INSURANCE LAW: Appellate Court finds a duty to defend where complaint could reasonably be construed to assert claim not within scope of exclusion:

7/5/2017 | Peter K. O'Keefe


Peter K. O'Keefe

INSURANCE LAW: Appellate Court finds a duty to defend where complaint could reasonably be construed to assert claim not within scope of exclusion:

Following a denial of coverage by the insurer under a public entity errors and omissions liability policy, the municipality brought a declaratory judgment action claiming that the insurer had improperly denied coverage pursuant to an exclusion.  The exclusion provided that coverage would not apply to any claim “based upon, arising out of, directly or indirectly resulting from, or in consequence of construction, architectural or engineering contracts or any other procurement contract; or (2) for which the insured has assumed liability in a contract or agreement.”  The provision further stated that the exclusion “does not apply to liability for damages that the insured would have in the absence of the contract or agreement.”  The underlying litigation alleged that the municipality had agreed to assist in the development and implementation of a wireless communication tower, but had abandoned that agreement.  The operative complaint alleged breach of contract, promissory estoppel, and negligent misrepresentation.  Reversing the trial court, the Appellate Court holds that a duty to defend exists because the negligent misrepresentation count is not necessarily within the scope of the exclusion.  “Depending on the evidence presented, a finder of fact perhaps could find on these allegations that a contract existed and that any alleged negligent misrepresentation ‘arose out of’ that contract, but it could also find that regardless of whether an enforceable contract had been created, one or more negligent misrepresentations had been made in the court of discussions between the parties, and there was arguably no limiting language as to when such misrepresentations were made.”  While recognizing the broad scope of “arising out of” under Connecticut insurance law, the Appellate Court nonetheless holds that a duty to defend exists.  “It was entirely possible from a reading of the allegations of the complaint that the negligent misrepresentation claim, while arising from the ‘same facts’ as the contract claim, did not arise out of a contract.  This possibility triggered the defendant’s duty to defend in the underlying action.”  Town of Monroe v. Discovery Property & Casualty Ins. Co., 169 Conn. App. 644 (2016)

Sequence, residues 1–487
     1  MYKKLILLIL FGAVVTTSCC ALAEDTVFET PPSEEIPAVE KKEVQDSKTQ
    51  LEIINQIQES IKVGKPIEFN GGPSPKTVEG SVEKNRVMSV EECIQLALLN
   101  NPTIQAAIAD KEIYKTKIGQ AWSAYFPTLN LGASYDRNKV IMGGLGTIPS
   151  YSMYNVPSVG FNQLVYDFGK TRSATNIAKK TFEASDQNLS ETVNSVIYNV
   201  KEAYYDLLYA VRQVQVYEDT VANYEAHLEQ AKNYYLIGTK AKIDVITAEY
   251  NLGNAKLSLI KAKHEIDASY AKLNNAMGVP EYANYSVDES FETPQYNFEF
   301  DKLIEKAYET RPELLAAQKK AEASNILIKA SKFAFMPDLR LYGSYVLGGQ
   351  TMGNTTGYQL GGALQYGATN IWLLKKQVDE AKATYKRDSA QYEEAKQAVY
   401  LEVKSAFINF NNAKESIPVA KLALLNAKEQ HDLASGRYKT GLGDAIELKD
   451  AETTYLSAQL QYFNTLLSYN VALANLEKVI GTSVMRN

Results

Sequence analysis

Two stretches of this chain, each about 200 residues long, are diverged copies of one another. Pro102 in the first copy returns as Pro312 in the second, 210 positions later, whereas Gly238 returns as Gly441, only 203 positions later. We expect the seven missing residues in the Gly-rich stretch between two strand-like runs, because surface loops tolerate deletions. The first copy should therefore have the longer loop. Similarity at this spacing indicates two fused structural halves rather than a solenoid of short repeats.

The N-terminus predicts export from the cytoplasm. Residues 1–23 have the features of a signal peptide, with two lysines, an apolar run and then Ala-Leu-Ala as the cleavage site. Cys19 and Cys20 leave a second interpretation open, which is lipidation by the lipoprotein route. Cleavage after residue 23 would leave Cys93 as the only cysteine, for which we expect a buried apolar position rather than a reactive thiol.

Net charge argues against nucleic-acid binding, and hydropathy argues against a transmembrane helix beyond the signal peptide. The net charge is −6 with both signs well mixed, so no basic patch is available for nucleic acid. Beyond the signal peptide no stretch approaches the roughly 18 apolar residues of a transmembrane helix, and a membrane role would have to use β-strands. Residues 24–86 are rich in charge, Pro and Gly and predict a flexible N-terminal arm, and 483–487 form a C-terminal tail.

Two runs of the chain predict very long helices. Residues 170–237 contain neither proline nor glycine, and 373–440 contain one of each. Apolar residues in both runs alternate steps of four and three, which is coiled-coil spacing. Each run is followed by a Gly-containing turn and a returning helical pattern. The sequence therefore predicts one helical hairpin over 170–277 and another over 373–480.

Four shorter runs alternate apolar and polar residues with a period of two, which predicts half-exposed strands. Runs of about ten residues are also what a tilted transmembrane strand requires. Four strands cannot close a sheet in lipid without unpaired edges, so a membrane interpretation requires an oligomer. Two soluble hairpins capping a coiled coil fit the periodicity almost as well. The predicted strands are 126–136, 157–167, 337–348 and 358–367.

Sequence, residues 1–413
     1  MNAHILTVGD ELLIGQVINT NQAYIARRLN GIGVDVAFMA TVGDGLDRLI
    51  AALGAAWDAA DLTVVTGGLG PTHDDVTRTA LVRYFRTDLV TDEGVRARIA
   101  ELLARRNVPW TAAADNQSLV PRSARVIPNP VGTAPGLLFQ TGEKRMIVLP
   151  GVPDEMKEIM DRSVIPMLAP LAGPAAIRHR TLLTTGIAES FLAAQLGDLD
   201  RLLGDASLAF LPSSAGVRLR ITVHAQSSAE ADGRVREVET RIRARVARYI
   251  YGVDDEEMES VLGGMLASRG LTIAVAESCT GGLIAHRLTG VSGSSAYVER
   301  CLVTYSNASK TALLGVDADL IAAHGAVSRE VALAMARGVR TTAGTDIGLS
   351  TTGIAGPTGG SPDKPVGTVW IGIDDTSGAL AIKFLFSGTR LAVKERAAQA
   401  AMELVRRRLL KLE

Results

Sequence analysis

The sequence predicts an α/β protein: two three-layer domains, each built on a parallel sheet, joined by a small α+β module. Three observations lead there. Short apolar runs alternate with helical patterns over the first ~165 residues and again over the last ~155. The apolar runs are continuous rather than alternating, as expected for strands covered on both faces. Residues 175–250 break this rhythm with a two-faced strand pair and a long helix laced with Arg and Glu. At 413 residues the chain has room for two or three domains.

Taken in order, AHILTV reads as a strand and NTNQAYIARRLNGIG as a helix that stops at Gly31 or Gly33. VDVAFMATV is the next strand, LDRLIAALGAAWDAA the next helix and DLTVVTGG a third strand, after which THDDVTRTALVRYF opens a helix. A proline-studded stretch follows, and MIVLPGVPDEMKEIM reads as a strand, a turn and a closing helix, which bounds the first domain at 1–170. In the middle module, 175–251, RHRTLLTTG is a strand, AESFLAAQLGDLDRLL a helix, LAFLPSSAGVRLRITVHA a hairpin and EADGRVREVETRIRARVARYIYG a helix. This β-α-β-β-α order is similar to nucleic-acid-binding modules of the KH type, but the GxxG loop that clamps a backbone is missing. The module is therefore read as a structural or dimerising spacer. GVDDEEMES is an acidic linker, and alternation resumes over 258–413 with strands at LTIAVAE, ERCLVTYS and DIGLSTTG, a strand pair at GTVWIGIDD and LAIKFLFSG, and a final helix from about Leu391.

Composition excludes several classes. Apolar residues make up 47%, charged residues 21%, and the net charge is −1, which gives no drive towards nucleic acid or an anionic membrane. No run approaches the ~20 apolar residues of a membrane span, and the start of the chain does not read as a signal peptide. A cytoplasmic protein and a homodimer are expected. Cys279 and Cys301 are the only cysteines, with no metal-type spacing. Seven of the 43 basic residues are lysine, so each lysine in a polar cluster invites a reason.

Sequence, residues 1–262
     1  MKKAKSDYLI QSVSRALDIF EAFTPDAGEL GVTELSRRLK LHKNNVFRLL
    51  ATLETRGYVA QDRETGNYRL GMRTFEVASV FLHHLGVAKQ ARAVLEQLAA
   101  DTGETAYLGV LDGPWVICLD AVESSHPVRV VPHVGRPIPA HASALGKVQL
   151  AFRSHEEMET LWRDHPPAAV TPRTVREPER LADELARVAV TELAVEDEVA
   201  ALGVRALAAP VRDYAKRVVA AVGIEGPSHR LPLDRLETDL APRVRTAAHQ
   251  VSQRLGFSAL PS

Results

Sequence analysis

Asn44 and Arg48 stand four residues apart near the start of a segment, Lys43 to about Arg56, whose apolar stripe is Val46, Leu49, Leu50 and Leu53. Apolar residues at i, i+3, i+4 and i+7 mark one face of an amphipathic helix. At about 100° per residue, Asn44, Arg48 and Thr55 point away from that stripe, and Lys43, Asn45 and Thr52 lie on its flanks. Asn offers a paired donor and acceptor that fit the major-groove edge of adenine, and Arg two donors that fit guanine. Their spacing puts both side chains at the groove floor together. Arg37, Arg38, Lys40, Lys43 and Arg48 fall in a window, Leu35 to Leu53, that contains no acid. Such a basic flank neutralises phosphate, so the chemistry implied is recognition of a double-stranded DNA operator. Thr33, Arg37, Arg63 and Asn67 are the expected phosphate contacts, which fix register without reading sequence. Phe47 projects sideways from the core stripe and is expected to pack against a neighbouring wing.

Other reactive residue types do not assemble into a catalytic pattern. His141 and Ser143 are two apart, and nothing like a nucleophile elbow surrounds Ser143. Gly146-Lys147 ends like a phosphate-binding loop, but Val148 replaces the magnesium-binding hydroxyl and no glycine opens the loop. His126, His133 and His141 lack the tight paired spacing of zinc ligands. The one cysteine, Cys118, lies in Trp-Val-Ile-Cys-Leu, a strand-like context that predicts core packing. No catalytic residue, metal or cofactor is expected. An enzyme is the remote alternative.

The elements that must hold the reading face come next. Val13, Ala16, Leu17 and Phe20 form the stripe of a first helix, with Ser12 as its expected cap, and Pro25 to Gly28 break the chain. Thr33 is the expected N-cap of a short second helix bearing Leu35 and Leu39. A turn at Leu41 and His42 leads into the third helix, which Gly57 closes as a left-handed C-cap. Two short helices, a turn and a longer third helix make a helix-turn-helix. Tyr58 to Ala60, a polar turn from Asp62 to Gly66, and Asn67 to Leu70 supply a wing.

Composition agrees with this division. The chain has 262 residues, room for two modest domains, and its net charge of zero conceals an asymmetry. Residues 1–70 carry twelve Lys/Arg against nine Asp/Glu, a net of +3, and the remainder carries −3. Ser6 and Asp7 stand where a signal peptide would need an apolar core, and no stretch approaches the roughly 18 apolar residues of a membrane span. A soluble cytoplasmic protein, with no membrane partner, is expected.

If you have a possible claim, you will need to review your options timely. For assistance, call the attorneys at Jackson O’Keefe now at (860) 276-8100.

With offices in Southington and Wethersfield, as well as satellite offices in East Haddam, Bloomfield, Farmington, and Marlborough our lawyers strive to meet the needs of area residents, making getting your legal services easier than ever.  Call us now to speak with us about your case. (860) 278-4040 during business hours or 860.966.7436 any time, or email us any time at

Our Wethersfield office:  
433 Silas Deane Highway
Wethersfield, CT 06109
Phone: 860.278.4040
Fax: 860.527-2500

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